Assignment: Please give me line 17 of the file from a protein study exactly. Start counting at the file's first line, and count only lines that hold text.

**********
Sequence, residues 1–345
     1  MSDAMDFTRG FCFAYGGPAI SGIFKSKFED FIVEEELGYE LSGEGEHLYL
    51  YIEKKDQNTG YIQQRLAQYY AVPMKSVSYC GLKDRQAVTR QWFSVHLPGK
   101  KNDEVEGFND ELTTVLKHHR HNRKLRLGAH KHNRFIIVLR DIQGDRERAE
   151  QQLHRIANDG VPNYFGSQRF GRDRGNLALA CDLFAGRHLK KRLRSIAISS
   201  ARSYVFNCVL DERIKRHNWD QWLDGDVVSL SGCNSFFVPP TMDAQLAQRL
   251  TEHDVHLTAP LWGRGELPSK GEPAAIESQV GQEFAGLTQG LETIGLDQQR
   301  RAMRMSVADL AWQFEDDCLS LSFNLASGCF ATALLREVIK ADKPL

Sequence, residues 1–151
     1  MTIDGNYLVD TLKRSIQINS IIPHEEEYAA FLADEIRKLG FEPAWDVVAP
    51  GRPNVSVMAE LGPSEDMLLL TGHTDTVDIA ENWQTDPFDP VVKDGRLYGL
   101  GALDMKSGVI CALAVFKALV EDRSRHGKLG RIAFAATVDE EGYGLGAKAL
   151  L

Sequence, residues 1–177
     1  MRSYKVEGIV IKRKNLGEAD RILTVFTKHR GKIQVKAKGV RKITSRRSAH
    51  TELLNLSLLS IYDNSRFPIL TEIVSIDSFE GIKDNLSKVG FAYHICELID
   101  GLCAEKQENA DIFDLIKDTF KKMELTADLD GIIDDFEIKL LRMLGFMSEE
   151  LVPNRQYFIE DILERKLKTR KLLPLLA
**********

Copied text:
   101  GLCAEKQENA DIFDLIKDTF KKMELTADLD GIIDDFEIKL LRMLGFMSEE